LONDON/VIENNA— U.N. nuclear agency chief Yukiya Amano is expected to visit Tehran on Nov. 11, Iranian state television said on Tuesday, a possible sign of progress in a long-stalled investigation into suspected nuclear arms research by Tehran.
After years of worsening confrontation with the West, Iran has switched to a conciliatory mode - entailing diplomacy in search of a peaceful solution to its disputed nuclear activity - since the June election of moderate President Hassan Rouhani.
The International Atomic Energy Agency and Iran have held a series of fruitless meetings since early 2012 to agree ground rules for the IAEA's inquiry, but hopes for a breakthrough have been lifted by Rouhani's rise.
The Islamic Republic denies seeking nuclear weapons, saying it wants only civilian atomic energy.
Ali Akbar Salehi, the head of Iran's atomic energy organization, said he hoped the two sides would reach an agreement during Amano's visit, state television said on its web site, without giving details.
There was no immediate comment from the IAEA, which wants access to sites, officials and documents in Iran, including the Parchin military base where it believes nuclear-related explosives tests might have taken place, possibly a decade ago.
The IAEA's discussions with Iran are separate from broader negotiations between Tehran and six world powers that resumed in Geneva last month and will continue there on Nov. 7 and 8.
But both diplomatic tracks center on suspicions that Iran may be seeking the capability to make nuclear weapons.
If Amano's trip is confirmed, it would be his first visit to the Iranian capital since May 2012. That time, he returned saying he expected to sign a deal with Iran soon to unblock the agency's investigation, only to see it fail to materialize.
Rouhani has improved the diplomatic atmosphere since then, however, promising to try to resolve a decade-old international stalemate over Iran's nuclear program and secure an easing of sanctions severely damaging its oil-dependent economy.
Iran says it is refining uranium only to fuel future nuclear power plants and an existing medical research reactor. But its refusal so far to curb sensitive nuclear work and lack of transparency with the IAEA have drawn harsh sanctions.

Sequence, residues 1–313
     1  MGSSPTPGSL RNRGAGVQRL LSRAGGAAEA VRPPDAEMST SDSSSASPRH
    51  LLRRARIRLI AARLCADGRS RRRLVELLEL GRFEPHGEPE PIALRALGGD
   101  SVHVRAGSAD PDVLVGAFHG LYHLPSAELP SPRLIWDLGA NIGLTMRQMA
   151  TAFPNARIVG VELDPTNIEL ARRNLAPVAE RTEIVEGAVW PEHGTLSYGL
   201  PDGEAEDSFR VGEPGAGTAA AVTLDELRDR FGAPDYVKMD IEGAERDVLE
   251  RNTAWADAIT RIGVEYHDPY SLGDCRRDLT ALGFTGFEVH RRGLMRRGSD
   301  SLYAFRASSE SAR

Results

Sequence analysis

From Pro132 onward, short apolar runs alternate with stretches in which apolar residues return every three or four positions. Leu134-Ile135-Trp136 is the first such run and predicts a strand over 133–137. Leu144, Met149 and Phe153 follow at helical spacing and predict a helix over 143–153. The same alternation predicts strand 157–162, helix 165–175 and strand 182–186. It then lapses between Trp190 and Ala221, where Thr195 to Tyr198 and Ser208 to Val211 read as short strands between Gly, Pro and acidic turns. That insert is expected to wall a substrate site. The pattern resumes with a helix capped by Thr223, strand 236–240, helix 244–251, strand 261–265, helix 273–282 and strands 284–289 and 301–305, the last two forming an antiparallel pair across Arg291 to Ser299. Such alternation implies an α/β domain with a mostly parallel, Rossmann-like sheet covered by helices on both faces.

After talks last week between senior IAEA and Iranian officials in Vienna, described by both sides as “very productive”, a new round was set for Nov. 11 in Tehran, but without any word on Amano possibly taking part.
Salehi said he had invited Amano to visit on that day and that the IAEA director-general had expressed his “inclination” to do so, state television said.
Salehi said he hoped that “we will reach an agreement in this trip” with the head of the Vienna-based U.N. agency and “issue a joint statement”.
“The International Atomic Energy Agency has moved forward with a positive approach and as before we will continue to collaborate in a transparent manner and we are more than ever ready to cooperate with the agency,” Salehi told reporters on Tuesday, according to the state news agency IRNA.
Iran said in last week's meeting in Vienna, where the IAEA is based, that it had put forward new proposals to the U.N. agency. A diplomatic source described the Iranian ideas as “potential confidence-building” measures but did not elaborate.
Western experts say that Iran will probably only agree to fully cooperate with the IAEA's investigation as part of a broader settlement with the United States, France, Russia, China, Britain and Germany that wins it sanctions relief.